Designed by accomplished New England Architect George M. Harding in 1867, the Woodman Building was one of a number of new commercial buildings that rose up after the Portland Fire of 1886 destroyed many of the existing downtown structures. Designed in the Second Empire Revival style, it is immediately recognizable for its iconic mansard roof and dormer windows that stand out among the newer buildings in the Portland Waterfront.
George M. Harding designed the Woodman Building in 1867 to be the most elegant business building to rise up out of the ashes of the 1886 Portland Fire. Born in 1827 in the state of Massachusetts, Harding studied at the Lowell Institute of Boston at the early age of 17. Following his studies, he worked in the city of Boston as an architect until the mid-1850s. Harding traveled north, working in a variety of cities in New England until the end of the 1850s when he made his home in Portland where his skills as an architect were in demand. Even after his return to Boston in 1873, Harding continued designing buildings to be constructed in the Portland area.
The Woodman Building is the namesake of its financiers, the Woodman Family, who hoped to construct an attractive business building that would help revitalize Portland’s devastated waterfront district. It was designed in the French Second Empire style, a style which had a revival in the mid- to late 1800s. This style was characterized by elaborate mansard roofs, ornate windows, and rectangular based domes. In the United States especially, the Second Empire style drew inspiration from design styles that were in vogue in the 1600s.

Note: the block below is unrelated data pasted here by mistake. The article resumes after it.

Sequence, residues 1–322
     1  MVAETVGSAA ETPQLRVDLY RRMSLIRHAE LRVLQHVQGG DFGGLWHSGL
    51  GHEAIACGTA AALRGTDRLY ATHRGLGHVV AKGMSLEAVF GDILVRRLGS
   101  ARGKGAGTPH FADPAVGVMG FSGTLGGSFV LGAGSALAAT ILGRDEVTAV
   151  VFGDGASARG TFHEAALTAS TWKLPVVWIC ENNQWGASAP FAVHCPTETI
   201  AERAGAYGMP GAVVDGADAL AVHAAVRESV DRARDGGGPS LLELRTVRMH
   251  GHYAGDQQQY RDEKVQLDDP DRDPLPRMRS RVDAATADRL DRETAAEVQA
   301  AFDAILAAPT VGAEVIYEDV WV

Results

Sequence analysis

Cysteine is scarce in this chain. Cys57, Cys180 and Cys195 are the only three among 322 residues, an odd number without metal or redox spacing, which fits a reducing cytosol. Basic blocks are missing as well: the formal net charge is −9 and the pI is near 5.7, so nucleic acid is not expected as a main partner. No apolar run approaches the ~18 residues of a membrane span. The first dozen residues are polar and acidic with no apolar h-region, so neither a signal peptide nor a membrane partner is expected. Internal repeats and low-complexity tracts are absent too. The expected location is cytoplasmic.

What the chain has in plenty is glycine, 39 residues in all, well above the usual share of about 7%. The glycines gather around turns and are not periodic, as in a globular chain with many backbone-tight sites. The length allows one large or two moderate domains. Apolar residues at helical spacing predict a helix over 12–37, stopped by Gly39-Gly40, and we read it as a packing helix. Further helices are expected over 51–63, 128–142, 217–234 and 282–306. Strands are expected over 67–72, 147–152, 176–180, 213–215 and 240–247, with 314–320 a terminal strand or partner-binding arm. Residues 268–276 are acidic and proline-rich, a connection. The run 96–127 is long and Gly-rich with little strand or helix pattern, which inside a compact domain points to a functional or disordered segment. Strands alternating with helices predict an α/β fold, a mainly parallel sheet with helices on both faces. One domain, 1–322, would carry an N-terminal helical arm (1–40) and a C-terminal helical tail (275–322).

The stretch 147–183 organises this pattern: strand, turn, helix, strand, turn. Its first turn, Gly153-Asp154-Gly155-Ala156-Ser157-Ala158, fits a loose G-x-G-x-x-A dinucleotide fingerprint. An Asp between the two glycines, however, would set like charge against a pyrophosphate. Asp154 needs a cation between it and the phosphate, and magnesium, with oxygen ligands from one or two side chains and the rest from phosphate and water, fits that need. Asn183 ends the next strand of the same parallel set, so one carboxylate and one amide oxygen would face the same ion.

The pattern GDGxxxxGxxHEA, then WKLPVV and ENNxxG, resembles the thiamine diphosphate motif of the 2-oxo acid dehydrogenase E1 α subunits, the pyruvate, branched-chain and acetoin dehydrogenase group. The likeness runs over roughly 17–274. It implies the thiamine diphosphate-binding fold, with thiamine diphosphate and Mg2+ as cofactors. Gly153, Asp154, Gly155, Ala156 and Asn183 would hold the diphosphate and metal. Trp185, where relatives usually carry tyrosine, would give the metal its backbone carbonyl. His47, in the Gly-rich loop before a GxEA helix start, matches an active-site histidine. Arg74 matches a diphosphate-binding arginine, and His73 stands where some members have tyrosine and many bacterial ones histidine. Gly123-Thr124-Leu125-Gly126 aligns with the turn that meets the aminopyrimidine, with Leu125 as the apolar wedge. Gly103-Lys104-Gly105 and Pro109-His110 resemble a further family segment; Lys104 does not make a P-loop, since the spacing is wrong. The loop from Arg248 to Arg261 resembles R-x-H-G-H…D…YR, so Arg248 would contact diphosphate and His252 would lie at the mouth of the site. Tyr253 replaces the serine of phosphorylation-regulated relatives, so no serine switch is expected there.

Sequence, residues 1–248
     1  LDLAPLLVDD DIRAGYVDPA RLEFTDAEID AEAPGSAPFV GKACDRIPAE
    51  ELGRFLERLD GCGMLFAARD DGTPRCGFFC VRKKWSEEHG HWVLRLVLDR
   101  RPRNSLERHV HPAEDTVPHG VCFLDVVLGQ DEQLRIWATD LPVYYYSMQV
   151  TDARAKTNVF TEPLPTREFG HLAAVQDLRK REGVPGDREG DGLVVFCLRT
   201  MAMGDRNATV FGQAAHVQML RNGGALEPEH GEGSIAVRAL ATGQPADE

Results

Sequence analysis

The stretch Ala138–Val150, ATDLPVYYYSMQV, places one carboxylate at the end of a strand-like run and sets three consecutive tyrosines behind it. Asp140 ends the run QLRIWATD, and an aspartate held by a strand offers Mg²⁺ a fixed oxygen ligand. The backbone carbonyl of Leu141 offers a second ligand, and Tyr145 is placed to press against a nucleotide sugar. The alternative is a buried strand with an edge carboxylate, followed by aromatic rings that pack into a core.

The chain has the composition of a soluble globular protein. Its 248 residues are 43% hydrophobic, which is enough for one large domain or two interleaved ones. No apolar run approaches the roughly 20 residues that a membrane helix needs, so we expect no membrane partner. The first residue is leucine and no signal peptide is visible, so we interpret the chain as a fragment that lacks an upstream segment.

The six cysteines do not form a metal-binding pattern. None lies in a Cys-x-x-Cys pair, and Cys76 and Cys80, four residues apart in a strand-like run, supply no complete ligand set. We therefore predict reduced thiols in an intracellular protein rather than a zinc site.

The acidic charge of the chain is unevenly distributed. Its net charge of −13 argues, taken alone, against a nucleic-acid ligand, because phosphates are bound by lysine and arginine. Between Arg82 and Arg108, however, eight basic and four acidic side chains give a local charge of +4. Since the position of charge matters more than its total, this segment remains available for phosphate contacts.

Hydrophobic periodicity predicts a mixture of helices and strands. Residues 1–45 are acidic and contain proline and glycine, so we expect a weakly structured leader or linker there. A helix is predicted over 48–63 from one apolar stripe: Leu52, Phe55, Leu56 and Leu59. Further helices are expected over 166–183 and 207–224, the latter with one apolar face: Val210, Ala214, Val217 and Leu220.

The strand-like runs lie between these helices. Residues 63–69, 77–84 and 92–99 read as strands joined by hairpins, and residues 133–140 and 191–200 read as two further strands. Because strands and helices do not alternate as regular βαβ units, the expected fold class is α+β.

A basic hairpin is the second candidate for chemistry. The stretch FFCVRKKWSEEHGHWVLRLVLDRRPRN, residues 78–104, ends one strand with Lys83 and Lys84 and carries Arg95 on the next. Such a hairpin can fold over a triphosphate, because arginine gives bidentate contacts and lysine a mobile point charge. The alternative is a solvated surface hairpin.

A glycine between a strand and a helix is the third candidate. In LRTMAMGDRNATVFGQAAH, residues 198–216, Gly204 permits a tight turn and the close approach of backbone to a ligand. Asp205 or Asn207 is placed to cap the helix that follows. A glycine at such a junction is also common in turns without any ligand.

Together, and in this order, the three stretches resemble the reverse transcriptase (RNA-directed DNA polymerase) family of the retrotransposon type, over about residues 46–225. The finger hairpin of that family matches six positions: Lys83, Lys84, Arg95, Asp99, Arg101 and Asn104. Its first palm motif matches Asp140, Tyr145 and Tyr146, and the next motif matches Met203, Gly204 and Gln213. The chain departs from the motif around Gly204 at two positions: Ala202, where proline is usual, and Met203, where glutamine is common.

The Woodman Building’s presence in the waterfront district led to a long-lasting characterization of the waterfront as an elegant commercial neighborhood, a legacy that stands to this day. The waterfront of Portland is, partially in thanks to the legacy of such buildings, one of the most well-recognized and beautiful destinations sought by travelers to the state of Maine.